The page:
I entered Sweden July 17 from the US. My 90 days were up on Oct. 14 however I applied for a tourist extension to extend 30 more days. I never got a response and the consulate told me I was okay to stay in the country until I got a response (even though I was there longer than 30 extra days). I ended up leaving Nov. 20. The 180 days from July 17 would be Jan.12 2019. I stayed 120+ days of the 180 legally. Does a new clock rest on Jan.12? I would like to re-enter Schengen country on Jan.13


2 Answers 2


There is no "resetting", and the particular 180-day period that happened to start on the day you first entered has no special significance.

The rule is: On any given day you can only use the "short visit" rules if you have been inside the Schengen area on at most 90 of the last 180 days.

If you were to attempt to enter on January 27, for example, the relevant question would be:

how many days have you been in the Schengen area (other than as authorized by a long-stay visa or residence permit) in the 180 days from August 1 to January 27?

The answer is "112 days already", and if you were allowed to enter on January 27, it would become 113, which is more than 90. So you cannot enter as a "short visit" on January 27.

After a continuous stay of 90 days or more, what this works out to is that you need to be outside the area for 90 entire days before the "number of days inside in the last 180 days" has become small enough that you can enter again. If you left on November 20, the earliest you can enter will be February 19.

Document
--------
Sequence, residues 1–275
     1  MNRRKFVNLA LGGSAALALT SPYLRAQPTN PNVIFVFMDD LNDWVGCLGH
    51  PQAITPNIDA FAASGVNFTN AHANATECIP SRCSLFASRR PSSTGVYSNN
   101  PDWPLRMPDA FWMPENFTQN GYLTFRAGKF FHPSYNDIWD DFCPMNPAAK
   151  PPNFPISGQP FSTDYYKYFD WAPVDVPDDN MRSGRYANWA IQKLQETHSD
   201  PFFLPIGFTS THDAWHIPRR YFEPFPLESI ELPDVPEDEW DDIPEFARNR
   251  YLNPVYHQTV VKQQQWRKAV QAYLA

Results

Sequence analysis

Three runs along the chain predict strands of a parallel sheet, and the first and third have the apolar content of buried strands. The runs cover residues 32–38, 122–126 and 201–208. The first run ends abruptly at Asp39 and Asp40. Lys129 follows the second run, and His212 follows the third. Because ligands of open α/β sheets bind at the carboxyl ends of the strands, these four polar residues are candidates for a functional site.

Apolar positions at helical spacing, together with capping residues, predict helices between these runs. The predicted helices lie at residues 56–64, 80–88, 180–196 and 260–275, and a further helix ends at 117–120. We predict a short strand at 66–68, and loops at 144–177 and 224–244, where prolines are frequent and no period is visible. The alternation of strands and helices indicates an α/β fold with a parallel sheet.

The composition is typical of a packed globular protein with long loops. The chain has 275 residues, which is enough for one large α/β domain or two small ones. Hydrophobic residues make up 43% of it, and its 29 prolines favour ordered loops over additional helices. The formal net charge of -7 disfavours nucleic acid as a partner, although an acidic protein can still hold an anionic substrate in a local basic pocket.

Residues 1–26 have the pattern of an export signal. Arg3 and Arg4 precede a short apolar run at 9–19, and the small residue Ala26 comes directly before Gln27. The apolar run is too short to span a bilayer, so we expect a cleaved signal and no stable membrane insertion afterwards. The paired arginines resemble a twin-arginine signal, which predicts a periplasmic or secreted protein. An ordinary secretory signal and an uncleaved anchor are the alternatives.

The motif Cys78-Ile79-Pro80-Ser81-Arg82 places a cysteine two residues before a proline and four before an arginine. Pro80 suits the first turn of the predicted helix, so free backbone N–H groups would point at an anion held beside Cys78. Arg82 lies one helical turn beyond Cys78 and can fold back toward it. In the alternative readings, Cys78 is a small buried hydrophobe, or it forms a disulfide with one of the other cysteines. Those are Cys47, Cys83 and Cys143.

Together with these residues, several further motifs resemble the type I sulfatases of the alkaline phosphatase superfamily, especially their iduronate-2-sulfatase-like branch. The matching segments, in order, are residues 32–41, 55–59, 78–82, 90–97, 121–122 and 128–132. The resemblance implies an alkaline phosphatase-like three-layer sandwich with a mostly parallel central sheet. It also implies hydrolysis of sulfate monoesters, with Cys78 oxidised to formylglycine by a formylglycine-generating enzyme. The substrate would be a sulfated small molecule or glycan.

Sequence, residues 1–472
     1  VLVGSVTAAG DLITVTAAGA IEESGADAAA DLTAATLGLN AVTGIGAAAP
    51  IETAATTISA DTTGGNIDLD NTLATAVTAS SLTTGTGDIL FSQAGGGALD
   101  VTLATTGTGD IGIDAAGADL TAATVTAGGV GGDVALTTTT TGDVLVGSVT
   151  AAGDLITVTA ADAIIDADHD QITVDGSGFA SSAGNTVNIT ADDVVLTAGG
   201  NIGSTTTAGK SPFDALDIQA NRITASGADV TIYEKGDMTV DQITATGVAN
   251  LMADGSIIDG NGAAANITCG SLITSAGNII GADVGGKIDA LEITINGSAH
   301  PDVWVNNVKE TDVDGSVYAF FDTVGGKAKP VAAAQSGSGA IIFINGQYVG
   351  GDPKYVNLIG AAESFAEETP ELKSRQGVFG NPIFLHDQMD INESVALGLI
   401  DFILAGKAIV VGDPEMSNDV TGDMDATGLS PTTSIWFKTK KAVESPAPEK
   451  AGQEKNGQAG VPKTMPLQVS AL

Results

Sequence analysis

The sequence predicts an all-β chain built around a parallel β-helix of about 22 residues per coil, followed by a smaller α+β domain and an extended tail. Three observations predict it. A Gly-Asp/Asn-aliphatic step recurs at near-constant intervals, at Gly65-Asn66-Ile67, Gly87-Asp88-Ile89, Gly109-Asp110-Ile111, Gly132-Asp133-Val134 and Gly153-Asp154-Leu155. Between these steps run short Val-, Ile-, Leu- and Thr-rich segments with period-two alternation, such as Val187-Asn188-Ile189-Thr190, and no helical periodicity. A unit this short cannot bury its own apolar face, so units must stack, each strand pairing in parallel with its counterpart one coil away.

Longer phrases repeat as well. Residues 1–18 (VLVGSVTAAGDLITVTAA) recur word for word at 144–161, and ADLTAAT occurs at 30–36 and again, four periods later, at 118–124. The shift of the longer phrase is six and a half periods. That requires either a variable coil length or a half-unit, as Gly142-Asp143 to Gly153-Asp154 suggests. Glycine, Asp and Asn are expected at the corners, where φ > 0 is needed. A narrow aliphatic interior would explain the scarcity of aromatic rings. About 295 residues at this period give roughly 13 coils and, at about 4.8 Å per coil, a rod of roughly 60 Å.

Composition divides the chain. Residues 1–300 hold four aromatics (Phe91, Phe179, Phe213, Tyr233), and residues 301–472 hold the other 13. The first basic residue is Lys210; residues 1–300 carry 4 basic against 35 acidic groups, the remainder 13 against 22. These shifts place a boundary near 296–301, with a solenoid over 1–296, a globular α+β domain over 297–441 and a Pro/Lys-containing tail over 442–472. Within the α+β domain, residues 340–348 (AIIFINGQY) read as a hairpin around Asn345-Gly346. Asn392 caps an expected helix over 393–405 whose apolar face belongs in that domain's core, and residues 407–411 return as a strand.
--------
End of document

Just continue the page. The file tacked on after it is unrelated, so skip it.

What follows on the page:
• 4
    Day counts in this answer were done in my head and may be subject to off-by-one errors or worse. Commented Jan 12, 2019 at 5:10
  • Or worse...like off-by-two errors?
    – phoog
    Commented Jan 12, 2019 at 5:45
  • 8
    @phoog: Possibly, or "forgot which months have 31 days" errors. Commented Jan 12, 2019 at 5:51
  • Nice one. It's a shame that this rule is so difficult to explain.
    – phoog
    Commented Jan 12, 2019 at 18:05

As already answered there is no reset on new year or something like that. However not all days that you spent in schengen count for the calculations of the schengen visa. I do not know what exactly a tourist extension is but it may not count in your calculations.

I know this because In the case of a friend she had been in Germany on a student visa and when it ran out she didn't have her permanent visa yet and would have been more than 90 of the last 180 days in Germany (160). So she inquired and it turns out that only the days that you were in schengen using the schengen Visum count, so she had 0 of the last 180 days used.

  • 5
    The Borders Code excludes "periods of stay authorised under a residence permit or a long-stay visa" from the count -- but whatever the OP means by a "tourist extension" it sounds clear that they were never issued with any document, so they can't have had either a residence permit or a long-stay visa. Commented Jan 12, 2019 at 13:46

Not the answer you're looking for? Browse other questions tagged .